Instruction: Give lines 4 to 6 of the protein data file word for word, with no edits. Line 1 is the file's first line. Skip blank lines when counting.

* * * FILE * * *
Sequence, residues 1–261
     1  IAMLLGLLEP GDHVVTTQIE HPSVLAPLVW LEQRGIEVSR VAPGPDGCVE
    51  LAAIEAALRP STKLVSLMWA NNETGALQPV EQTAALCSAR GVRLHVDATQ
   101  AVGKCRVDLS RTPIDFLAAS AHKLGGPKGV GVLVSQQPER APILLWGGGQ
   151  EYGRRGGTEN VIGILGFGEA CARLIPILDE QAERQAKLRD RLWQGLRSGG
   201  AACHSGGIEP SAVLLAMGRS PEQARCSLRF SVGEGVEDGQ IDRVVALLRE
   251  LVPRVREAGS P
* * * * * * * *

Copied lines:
   101  AVGKCRVDLS RTPIDFLAAS AHKLGGPKGV GVLVSQQPER APILLWGGGQ
   151  EYGRRGGTEN VIGILGFGEA CARLIPILDE QAERQAKLRD RLWQGLRSGG
   201  AACHSGGIEP SAVLLAMGRS PEQARCSLRF SVGEGVEDGQ IDRVVALLRE